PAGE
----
Fast forward a few hours and I have 3 – 2 ounces lengths of red wool. The color change isn’t as strong as I thought it would be originally. I do like it and will certainly be able to use it for something.  I have some light patches and it may be because 1) I didn’t soak the wool as long as I usually do. I am going to start soaking over night from now on and 2) I think the size of the 3 small pots is too small for this much wool. Before this I was using 4 ounces total and the dyed wool was much more evenly colored.

Three shades "Fire Engine Red"

Three shades “Fire Engine Red”

 

 

 

 

 

 

 

 

I hope this might encourage you to try dyeing wool or yarn. It is so fun to do and so satisfying to knit something from yarn you dyed and spun yourself!

Tomorrow I am going to Emerald City Comic Con in Seattle with my daughter and her husband. I hope to have some pictures by Monday or Tuesday.

Enjoy!

What Not to Do When Dyeing Roving

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OK, wow. It has been a long time since my last post. I have been VERY busy but things are calming down since Christmas so I will be writing a lot more.

A week or so ago, my sister and I went a little crazy ordering roving during the sale at Paradise Fibers and a lot of what I got was white roving of different breeds so that I could learn to do hand painted roving. I have dyed a lot of yarn and loved the results so I thought this would be a fun way to add to my spinning.  I need to say before I start that patience is not one of my virtues….

Here is a tip: Do not be either impatient or quick when you dye roving. Also, rubber gloves are strongly suggested. I don’t think I totally ruined 5 ounces of the South African wool but it was touch and go for a while. Next time I will certainly read the directions and maybe watch a video or 5 before starting. I have done this before, many many times with much success but it was with yarn. Roving behaves differently  and when I thought there wasn’t enough dye on it, I made more and kept pouring it on in a VERY random manner (leaving white areas that I figured would take up it excess …it did) . When I went to roll it up in the saran, the dye POURED out both ends all over everything. I finally got it under control and put it in the steam pot. I might have sworn then but I figured I was home free. (you know, I have done this many times blah blah blah)  Did I mention I couldn’t find any rubber gloves? Yeah. After getting it out of the steam pot. I let it cool and then ran it back to the shower to hang it to dry. It was at this point that I found all the dye had not set and was running all over the shower. With nothing to lose, I took the handheld shower head and sprayed it with warm water until it ran clear. If I don’t wind up with 5 ounces of felt I will be surprised.  It is now draining in the shower, looped over a hanger.  After rinsing, I liked the color better so maybe all is not lost.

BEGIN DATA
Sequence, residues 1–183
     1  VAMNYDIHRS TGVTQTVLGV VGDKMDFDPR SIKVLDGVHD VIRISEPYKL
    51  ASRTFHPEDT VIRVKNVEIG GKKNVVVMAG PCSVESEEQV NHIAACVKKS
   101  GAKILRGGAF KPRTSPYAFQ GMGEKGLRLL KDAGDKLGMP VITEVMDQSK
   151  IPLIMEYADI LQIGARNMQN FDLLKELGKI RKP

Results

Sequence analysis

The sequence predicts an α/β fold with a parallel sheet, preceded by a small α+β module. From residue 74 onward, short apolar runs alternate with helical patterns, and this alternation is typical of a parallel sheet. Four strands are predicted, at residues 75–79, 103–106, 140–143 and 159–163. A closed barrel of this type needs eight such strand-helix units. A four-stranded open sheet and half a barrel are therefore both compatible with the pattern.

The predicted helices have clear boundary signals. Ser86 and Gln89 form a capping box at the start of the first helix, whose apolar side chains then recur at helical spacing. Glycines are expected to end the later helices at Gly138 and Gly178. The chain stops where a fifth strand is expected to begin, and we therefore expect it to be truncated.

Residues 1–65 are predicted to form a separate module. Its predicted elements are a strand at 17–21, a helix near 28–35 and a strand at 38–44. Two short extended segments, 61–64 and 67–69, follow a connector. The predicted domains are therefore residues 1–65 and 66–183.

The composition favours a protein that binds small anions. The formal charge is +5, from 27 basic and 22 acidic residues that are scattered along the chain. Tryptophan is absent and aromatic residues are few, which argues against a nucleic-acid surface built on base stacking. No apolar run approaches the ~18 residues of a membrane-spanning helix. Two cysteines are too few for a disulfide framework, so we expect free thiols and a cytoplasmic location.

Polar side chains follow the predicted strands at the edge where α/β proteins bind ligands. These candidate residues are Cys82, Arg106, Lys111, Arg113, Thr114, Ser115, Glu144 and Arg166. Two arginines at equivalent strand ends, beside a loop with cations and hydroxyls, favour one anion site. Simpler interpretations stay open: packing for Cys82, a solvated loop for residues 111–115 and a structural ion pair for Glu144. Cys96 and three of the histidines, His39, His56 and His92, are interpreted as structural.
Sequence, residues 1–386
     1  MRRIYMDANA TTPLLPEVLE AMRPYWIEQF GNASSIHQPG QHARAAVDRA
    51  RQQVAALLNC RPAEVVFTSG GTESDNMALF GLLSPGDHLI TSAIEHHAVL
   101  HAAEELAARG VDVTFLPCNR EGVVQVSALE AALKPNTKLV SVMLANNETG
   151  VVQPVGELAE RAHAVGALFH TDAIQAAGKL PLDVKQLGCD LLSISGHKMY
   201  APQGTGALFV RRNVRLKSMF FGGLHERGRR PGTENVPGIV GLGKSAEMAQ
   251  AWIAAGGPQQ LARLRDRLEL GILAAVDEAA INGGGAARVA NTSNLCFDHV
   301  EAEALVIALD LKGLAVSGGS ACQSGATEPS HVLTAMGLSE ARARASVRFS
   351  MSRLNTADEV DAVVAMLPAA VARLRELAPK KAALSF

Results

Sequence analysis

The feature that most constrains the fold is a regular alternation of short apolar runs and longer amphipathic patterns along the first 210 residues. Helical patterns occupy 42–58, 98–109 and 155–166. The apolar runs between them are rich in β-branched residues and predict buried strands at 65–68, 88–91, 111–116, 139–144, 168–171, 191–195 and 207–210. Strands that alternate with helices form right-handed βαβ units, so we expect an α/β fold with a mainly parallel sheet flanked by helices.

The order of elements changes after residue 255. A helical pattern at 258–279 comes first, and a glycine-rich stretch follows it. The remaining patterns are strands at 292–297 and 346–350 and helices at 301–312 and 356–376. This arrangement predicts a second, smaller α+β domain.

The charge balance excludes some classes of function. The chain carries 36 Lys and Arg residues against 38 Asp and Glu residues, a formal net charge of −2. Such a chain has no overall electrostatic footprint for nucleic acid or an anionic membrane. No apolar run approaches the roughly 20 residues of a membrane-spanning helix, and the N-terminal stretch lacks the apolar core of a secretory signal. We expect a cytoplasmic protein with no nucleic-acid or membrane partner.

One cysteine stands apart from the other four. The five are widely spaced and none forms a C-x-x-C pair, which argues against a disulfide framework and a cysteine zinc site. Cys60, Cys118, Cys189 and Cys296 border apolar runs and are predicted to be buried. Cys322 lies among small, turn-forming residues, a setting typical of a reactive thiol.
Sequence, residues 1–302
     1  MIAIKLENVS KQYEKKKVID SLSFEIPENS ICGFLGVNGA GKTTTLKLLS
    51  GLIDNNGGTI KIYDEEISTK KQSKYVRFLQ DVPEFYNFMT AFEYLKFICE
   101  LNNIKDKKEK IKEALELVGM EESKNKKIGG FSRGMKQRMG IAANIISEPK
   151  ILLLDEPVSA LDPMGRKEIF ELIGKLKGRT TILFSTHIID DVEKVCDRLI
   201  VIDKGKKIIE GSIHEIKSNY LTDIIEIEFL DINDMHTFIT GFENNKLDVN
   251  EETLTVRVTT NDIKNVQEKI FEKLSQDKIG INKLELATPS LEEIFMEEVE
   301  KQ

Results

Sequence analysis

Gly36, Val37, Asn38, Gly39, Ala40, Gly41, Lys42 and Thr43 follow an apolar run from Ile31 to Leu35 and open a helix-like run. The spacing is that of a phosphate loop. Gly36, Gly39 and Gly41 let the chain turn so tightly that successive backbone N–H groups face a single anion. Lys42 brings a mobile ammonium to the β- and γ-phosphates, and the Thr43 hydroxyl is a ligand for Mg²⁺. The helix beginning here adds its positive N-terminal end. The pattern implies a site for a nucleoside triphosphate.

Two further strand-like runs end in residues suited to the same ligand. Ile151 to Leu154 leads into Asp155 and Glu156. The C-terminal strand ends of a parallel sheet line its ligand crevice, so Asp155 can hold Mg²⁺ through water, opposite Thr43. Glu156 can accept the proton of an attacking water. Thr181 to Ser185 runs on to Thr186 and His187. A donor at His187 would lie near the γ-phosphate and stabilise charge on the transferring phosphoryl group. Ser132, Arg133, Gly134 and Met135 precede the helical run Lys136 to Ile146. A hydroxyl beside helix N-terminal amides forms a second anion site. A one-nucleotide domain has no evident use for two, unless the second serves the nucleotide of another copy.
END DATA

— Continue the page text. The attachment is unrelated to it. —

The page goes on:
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This is what happens when you want to “just do a quick dye job to see how it looks” at the same time as I was trying to get things on my list taken care of (our power was out most of yesterday because of a wind storm so I was behind).  Next time I will set aside a whole day and do  nothing else, which is what I do when dyeing yarn.

Another thing I bought during the sale was 2 Louet S10 bobbins. They fit my Bea Classic spinning wheel very well and also give me different speeds (my wheel is 5:1).  My sister has a Louet and her flyer also fits my wheel, in case something horrible happens to mine. It is almost impossible to find parts for an old wheel so I am glad to have an option.

I hope everyone had a nice Holiday Season!

Dana